Meta will shut down its Teams competitor Workplace next year

Love or hate Meta, Workplace was a totally different take on internal comms, and for that the team behind it can be justifiably proud of their work.

Meta will shut down its Teams competitor Workplace next year
Meta will shut down its Teams competitor Workplace next year
Unless you work at Meta.

Quentyn Kennemer, writing for The Verge -

Meta is throwing in the towel on Workplace, its Facebook-based alternative to office communication platforms like Slack and Microsoft Teams alternative, as reported earlier by TechCrunch.

Perhaps a surprising take for a former Slack employee, but I actually really liked Workplace. The problem for Workspace was that it had some critical flaws that were baked in from the start.

Ads are Meta's bread and butter

The simple fact is that Meta is an ads business. It's very much a product focused company, with Mark Zuckerberg famously declaring "we don’t build services to make money; we make money to build better services.", but at the end of the day, Ads are what pays the bill, and any product at Meta that tries to compete with that in terms of revenue will literally always be a side quest, constantly having to battle the question of "but why should we invest in it?".

I doubt Workplace ever became profitable, but even if it had, it would have been a rounding error on the Meta balance sheet.

Workplace was built for Facebook's style of internal comms

Meta (neé Facebook) has a very open style of communication internally, with executives regularly interacting with employees at all levels, and Workplace was engineered with that in mind. I assume the idea behind Workplace as a product was that it would engender that style of communication, like a tail wagging a dog, but having seen the Slack teams trying to drive a particular style of communication at customers, more often then not, large buyers expect tools to flex to their needs, not the other way around.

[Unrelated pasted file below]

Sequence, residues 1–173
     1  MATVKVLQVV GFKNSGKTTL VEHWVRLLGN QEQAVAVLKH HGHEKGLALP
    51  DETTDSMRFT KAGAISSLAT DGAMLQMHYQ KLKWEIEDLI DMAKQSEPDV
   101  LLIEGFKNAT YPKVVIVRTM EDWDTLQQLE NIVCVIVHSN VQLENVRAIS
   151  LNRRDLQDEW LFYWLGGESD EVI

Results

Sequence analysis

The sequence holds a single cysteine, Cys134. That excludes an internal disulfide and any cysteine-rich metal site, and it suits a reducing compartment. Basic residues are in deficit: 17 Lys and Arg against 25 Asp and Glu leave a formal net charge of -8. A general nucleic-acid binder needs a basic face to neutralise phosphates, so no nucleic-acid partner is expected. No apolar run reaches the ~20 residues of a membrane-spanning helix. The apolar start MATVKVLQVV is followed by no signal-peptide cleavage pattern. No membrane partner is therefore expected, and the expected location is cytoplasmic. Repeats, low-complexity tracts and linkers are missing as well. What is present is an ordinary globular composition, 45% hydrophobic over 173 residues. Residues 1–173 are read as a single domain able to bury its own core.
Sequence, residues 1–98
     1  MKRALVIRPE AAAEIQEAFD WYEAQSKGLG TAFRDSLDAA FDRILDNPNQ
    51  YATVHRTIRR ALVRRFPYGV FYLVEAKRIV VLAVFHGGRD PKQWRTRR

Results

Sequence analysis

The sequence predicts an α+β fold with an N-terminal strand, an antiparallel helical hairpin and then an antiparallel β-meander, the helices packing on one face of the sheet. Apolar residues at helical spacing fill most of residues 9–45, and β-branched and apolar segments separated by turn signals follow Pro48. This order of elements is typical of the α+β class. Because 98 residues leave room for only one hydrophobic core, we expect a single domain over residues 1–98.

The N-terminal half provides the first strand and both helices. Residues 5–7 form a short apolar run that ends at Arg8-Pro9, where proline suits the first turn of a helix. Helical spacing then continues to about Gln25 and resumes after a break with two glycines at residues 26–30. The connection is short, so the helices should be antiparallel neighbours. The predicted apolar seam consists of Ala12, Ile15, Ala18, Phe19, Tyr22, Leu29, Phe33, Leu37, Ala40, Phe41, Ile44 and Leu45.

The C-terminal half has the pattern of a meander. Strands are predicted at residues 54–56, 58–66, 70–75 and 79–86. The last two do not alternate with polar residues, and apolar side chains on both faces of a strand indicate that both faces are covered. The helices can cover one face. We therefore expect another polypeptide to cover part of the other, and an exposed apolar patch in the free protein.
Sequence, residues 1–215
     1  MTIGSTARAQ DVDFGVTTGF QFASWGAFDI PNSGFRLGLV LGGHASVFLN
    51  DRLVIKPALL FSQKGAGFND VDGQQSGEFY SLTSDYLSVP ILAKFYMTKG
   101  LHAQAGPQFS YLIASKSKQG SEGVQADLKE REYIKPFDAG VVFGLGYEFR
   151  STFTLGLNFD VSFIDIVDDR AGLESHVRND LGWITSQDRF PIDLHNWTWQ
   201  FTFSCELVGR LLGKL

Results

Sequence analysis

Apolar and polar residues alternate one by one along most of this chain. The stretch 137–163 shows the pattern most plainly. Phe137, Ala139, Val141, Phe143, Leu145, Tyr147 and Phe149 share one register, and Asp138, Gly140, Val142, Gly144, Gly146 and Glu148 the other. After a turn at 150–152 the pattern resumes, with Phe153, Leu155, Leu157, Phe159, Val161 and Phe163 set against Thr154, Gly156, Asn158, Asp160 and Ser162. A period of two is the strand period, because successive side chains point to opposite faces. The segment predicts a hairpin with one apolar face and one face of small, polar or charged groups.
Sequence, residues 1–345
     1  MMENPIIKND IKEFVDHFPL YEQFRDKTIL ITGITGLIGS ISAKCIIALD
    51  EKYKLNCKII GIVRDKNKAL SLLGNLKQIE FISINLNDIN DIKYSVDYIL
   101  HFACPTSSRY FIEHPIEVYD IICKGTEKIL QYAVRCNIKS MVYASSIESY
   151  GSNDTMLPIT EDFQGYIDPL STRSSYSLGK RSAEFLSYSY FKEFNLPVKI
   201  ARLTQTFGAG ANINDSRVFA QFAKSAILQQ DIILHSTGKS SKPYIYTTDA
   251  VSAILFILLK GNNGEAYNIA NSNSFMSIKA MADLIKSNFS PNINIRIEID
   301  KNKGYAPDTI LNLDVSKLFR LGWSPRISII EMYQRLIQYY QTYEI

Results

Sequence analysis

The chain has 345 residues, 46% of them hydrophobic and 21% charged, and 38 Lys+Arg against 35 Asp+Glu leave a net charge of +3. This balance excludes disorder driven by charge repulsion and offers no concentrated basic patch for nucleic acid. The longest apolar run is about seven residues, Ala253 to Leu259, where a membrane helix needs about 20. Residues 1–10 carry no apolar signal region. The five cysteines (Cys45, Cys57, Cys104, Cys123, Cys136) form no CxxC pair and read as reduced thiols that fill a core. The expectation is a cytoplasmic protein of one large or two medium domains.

I don't know that I've ever met a really strong advocate for Workplace who wasn't also a former Meta/Facebook employee, and that's because we saw what a powerful tool it was when used "right", without stopping to consider that what was right for us wasn't always right for others.

Slack employees also have this problem, but Slack the product is far more flexible in how you use it, so even when used "wrong", it still works really well.

There's still real space for innovation in workplace comms

As I said at the start, I was (and still am) a real fan of Workplace, and I lament it's demise, if only because the market really lacks a player doing anything interesting. Slack has been swallowed by the Salesforce machine, and I doubt we'll see anything significantly innovative from it ever again. Teams is just skype with some stuff bolted on.

I hope beyond hope that some startup shakes the place up like Slack did in the late 2010s, but with two pretty entrenched options with sizeable war chests, I don't know that I'll ever see that hope fulfilled.